Two Colorado senators have been recalled, and either already are not serving their former constituents or won't be shortly. Yet according to today's Democratic Party talking points, their recalls, the first-ever in state history spurred by the ousted senators' support of gun-control measures passed earlier this year, are only "symbolic" — despite all the money that poured in from New York Mayor Michael Bloomberg's gun-control group to save them.
I have found no visible press pushback against this nonsensical claim. How many press members would remain silent if, say, a conservative or Republican special election loser in a congressional race said that his or her loss was "symbolic" because it didn't change who controls the House? (Answer: Zero.) Three reports containing the Dem meme follow the jump.
A New York Times story by Jack Healy quoted John Morse, the narrowly ousted State Senate President, kicking off the meme himself as he conceded defeat:
The immediate effect of the recalls — the first of their kind in Colorado — was to remove two state senators, Angela Giron of Pueblo and John Morse of Colorado Springs, and replace them with Republicans.
Although the election was confined to two small districts in Southern Colorado and does not repeal Colorado’s gun laws or change partisan control of the General Assembly, both sides spent heavily and campaigned fiercely, fighting to prevail in what analysts called a proxy battle between gun-control advocates and the National Rifle Association.
In a spirited concession speech, Mr. Morse, who lost the vote by just two percentage points, called the loss of his seat “purely symbolic” and defended the record of the last legislative session as “phenomenal.”
At the Wall Street Journal, Ashby Jones got a "mostly symbolic" quote from a "good government" advocate:
Colorado is one of 11 states in which voters can trigger a recall of at least some state officials for purely political reasons; another eight require evidence of incompetence or misconduct, according to the National Conference of State Legislatures. Recall attempts against state legislators have led to elections only 38 times since the recall was introduced around the turn of the last century, and only 21 have succeeded, the NCSL said.
The use of recall elections is on the rise, said Joshua Spivak, a senior fellow at the Wagner College Hugh L. Carey Institute for Government Reform. "With email, cellphones, spreadsheets, and the like, it's easier than it's ever been to gather signatures, to organize," he said.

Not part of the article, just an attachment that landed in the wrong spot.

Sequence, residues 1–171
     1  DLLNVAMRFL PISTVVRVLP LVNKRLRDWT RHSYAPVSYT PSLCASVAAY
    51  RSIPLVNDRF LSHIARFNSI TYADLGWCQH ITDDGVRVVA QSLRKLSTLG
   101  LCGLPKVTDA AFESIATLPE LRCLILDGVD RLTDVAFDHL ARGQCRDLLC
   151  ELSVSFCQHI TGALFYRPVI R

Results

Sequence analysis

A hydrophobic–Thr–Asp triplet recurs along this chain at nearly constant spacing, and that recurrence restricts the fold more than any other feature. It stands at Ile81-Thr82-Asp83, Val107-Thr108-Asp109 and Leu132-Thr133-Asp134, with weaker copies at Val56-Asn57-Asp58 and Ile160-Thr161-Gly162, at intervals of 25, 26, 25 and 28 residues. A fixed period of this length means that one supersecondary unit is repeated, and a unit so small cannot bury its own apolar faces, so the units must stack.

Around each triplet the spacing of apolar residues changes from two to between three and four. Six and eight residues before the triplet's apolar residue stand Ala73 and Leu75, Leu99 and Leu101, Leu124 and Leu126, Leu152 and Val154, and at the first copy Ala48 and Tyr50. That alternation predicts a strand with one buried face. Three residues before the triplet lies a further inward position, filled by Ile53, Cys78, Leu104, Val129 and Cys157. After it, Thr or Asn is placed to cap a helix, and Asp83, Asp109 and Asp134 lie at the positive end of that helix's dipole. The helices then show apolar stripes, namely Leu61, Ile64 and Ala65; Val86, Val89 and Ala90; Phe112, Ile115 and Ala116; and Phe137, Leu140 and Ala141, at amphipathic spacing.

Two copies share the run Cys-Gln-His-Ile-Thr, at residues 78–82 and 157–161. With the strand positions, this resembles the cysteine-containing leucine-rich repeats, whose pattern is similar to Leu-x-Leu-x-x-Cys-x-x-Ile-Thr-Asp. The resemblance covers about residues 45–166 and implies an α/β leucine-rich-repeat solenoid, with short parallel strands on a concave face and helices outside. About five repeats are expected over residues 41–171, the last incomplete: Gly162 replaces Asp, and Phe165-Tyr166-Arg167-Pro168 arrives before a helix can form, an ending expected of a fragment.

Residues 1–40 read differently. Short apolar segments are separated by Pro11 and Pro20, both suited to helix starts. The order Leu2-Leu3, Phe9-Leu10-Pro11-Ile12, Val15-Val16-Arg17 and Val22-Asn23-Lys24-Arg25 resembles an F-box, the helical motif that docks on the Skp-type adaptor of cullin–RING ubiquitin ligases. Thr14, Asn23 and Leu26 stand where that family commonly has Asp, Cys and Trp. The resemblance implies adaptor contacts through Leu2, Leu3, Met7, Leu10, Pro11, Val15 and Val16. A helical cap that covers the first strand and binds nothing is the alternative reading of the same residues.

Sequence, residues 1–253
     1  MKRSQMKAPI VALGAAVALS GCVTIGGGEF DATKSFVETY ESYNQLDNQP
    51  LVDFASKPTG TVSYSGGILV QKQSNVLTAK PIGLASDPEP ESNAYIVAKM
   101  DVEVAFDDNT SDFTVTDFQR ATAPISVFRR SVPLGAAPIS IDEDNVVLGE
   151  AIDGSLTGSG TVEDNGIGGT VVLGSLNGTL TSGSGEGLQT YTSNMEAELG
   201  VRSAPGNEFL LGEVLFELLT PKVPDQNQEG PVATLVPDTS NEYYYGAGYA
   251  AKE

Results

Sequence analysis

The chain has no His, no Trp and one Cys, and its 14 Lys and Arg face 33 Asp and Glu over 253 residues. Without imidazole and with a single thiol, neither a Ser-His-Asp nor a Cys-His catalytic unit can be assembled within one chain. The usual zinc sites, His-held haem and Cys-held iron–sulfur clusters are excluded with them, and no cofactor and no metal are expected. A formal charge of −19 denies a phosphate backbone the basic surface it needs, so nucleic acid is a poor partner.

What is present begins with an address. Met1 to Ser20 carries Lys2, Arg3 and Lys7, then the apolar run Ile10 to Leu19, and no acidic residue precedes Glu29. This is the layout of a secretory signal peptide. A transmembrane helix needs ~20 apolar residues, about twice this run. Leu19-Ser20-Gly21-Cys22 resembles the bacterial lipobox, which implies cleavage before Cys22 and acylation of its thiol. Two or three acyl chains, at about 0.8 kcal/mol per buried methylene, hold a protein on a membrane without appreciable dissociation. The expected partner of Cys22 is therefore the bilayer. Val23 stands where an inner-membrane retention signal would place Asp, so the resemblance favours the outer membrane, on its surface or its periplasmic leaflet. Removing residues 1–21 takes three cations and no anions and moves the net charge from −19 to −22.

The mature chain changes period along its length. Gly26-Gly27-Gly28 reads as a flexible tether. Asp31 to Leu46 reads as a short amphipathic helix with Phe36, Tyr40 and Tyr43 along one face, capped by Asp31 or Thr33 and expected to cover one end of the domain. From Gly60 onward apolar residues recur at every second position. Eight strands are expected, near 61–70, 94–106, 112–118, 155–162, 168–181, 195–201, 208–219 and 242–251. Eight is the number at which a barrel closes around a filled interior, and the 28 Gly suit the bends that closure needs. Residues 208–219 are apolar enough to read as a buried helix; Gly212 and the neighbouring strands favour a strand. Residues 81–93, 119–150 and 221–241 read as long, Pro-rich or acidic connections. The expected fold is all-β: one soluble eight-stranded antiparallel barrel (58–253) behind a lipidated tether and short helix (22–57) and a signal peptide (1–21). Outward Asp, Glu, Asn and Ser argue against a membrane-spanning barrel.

Mr. Spivak called the recall effort in Colorado "surprising but mostly symbolic." Though both senators will be replaced by Republicans, Democrats will still hold an 18-17 lead in the state senate, and the gun laws passed in March will likely stay on the books for the foreseeable future.
An Associated Press report early this evening generalized the theme:
COLO. RECALLS SHOW RISK OF SUPPORTING GUN CONTROL
Democratic voters in Colorado helped remove two state senators of their own party who voted for tighter gun control - an ouster that was both intensely local and a national test of what can happen to lawmakers who support gun restrictions in battleground states.
The well-organized activists who sought to recall Senate President John Morse and Sen. Angela Giron got the backing of gun-rights groups such as the National Rifle Association. It turned out they didn't need much assistance because voters were already so incensed by passage of the gun-control package.
Democrats, who maintain control of the Legislature, said the losses were purely symbolic. But they could be a sign of things to come in 2014, both in Colorado's governor's race and in scores of other political contests around the country.
AP Reporters Colleen Slevin and Mike Baker "somehow" forgot to note that the vaunted Democratic Party majority in the Senate is now only one vote, and that the margin of defeat in one of the two recalls was 12 percent.
Deep in the fever swamps, the left, led by DNC Chair Debbie Wasserman Schultz, is also whining that the recall defeats were the result of "vote suppression." Wasserman Schultz "blamed lawsuits filed by opponents of gun control to prevent voters from mailing in ballots and the late announcement of polling locations."
Oh the humanity.
Cross-posted at BizzyBlog.com.